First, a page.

(photo credit: AP)
Did Ehud Olmert consider for just a minute during Teddy Kollek's funeral on Thursday morning that perhaps he might have been better off staying in his old job as Jerusalem mayor?
Kollek did it for 28 years and was given a hero's farewell. Olmert left the comfortable perch after nine years, and three years later he was suddenly propelled into the top job by Ariel Sharon's second stroke.
Exactly a year later, he had to be asking himself if it was all worth it, if not at Kollek's grave then later that night while flying back from Sharm e-Sheikh and his worst trip since taking office.
Olmert didn't stroll back to talk with the reporters on the plane during the hour-long flight home, but his new press secretary, Ya'akov Galanti, was sent twice.
While the plane was still rolling on the runway, he rushed to issue a blanket denial of the reports that had broke on Channels 1 and 2, just when Olmert was starting his press conference with President Hosni Mubarak, that he had decided to fire Defense Minister Amir Peretz - just in time for reporters to phone their offices before takeoff.
Half an hour later, Galanti was back trying to put a more positive spin on the headlines coming out of the summit with Mubarak. Contrary to reports, he insisted, the talks had been conducted in "a good atmosphere."
Actually, it had been a disastrous evening. Olmert entered the meeting without even being properly briefed on the operation that had just gone wrong in Ramallah. Mubarak, who had seen the whole thing on Al-Jazeera, voiced his displeasure for all to hear.
Perhaps that's why Olmert's military secretary, Maj.-Gen. Gadi Shamni, instead of being whisked away from the airport in the prime minister's motorcade, was left to queue along with the rest of the passengers for the single tired officer manning the passport counter.
The summit with Mubarak was originally planned a couple of weeks ago following Olmert's meeting with Palestinian Authority Chairman Mahmoud Abbas and hopes had been high that a breakthrough in the negotiations over Cpl. Gilad Shalit's release would be announced.
Just how bad the summit really turned out only became clear when the Arabic text of Mubarak's statements at the press conference was double checked; the official translator at the press conference had taken the edge off them.
Mubarak had actually equated the violent actions of the Palestinian and Israeli sides, calling them both "terror," said Egypt would not block Hamas money transfers through the Rafah Crossing as long as they were done openly and in accordance with Egyptian law, and announced that if a nuclear arms race broke out between Israel and Iran, Egypt would obtain similar weapons.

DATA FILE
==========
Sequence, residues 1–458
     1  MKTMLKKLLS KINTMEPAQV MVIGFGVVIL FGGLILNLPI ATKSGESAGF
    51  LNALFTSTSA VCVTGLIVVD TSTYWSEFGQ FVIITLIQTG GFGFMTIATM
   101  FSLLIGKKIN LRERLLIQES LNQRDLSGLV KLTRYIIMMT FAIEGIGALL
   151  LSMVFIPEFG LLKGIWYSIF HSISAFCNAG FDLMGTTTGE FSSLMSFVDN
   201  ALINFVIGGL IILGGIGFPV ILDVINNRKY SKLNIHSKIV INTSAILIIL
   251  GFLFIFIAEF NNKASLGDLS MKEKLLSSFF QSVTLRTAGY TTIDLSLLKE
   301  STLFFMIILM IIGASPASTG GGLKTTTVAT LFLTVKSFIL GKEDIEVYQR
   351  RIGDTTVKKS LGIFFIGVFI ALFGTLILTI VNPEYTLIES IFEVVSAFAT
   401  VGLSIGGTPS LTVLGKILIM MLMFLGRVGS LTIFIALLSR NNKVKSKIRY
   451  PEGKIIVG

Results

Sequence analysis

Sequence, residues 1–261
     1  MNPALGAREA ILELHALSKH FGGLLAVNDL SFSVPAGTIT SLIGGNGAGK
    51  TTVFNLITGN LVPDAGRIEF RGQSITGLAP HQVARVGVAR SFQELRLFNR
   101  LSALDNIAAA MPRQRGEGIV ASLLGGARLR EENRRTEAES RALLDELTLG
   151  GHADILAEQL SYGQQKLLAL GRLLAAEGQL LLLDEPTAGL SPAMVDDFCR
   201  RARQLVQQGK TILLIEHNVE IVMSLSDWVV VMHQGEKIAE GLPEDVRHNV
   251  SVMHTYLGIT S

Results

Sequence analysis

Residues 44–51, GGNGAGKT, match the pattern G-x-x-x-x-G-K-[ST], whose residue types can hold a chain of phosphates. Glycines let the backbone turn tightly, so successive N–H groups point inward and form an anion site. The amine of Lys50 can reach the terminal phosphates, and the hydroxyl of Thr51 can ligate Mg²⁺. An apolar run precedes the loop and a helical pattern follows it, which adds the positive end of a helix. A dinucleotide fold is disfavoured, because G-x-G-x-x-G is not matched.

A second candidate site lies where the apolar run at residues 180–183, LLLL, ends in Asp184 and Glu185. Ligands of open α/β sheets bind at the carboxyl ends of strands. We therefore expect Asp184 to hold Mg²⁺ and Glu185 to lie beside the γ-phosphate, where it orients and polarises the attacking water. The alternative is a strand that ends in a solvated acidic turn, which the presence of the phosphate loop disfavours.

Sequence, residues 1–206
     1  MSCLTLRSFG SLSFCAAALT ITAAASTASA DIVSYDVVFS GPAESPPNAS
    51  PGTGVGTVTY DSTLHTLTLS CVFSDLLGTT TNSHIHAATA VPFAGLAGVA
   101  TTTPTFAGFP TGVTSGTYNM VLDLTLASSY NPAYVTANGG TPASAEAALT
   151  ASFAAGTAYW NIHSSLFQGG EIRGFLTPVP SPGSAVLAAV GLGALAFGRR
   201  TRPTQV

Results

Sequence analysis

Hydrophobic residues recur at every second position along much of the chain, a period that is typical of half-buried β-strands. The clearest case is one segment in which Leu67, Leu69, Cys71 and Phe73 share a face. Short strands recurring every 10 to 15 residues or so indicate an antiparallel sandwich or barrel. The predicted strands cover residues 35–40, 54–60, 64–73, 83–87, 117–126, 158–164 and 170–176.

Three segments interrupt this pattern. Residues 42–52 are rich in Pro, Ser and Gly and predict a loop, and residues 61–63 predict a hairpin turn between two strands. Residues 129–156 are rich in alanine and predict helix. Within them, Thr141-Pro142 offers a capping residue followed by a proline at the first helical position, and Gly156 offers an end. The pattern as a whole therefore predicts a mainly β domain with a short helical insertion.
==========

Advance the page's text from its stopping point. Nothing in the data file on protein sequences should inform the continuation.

But Olmert had more immediate political problems to worry about during the flight. It's hard to believe that such a political pro could have ordered such a spin to be issued, or even have been aware that the Peretz story was about to air.
It couldn't have come at a worse time, while he was meeting Mubarak. As spin it made little sense. As much as he'd love to, Olmert can't fire Peretz without triggering Labor's departure from the coalition he worked so hard to build. Olmert would do much better to wait for the Winograd Committee's interim report or the Labor leadership primary in May forces Peretz out.
As spin it would have been much too transparent. It would have seemed as if he were desperately trying to move public attention away from the house arrest of his trusted bureau chief, Shula Zaken, over allegations of complicity in the Tax Authority scandal.
It makes much more sense for such a story to have come from somewhere in the vicinity of Peretz, in the hope that it would make his colleagues rally around him, or the direction of aspiring defense minister Ehud Barak, preparing to mount his own challenge against Peretz in the primary.
But an effective media operation isn't measured only by its ability to put out effective spins, it also has to be alert and able to put the lid on unfavorable spins. Olmert inherited the best spin machine in the business from Sharon but it seems to have gone awry. During Thursday's trip, Galanti was still being mentored by his predecessor, Asi Shariv, and both seemed to have been caught unaware.
Sharon's chief spin-doctors, Eyal Arad and Lior Horev, both stayed with Olmert and ran his election campaign, but have mainly kept their distance since. They still work for Kadima and were in charge of the campaign in last week's local election in Givatayim, where the party succeeded in forcing a second round and now still has a chance of an historic upheaval in what was an eternal Labor stronghold.
But Olmert cannot rely on their personal loyalty any longer. Kadima is rapidly turning into a treacherous home-ground for the prime minister. It's not only the increasingly open challenge to his leadership being mounted by Foreign Minister Tzipi Livni, who has unveiled her own peace plan and is delivering veiled criticisms of Olmert almost daily; it's also Transportation Minister Shaul Mofaz, who in a little-noticed visit to Sderot last week attacked the restraint against the continued Kassam attacks, a policy to which Olmert continues to cling.
Last week wasn't all bad news for Olmert. His government pushed through the 2007 state budget with surprisingly little dissent in the ranks; that seemed to provide his coalition with breathing space. However the confrontations looming within both Kadima and Labor could easily change that.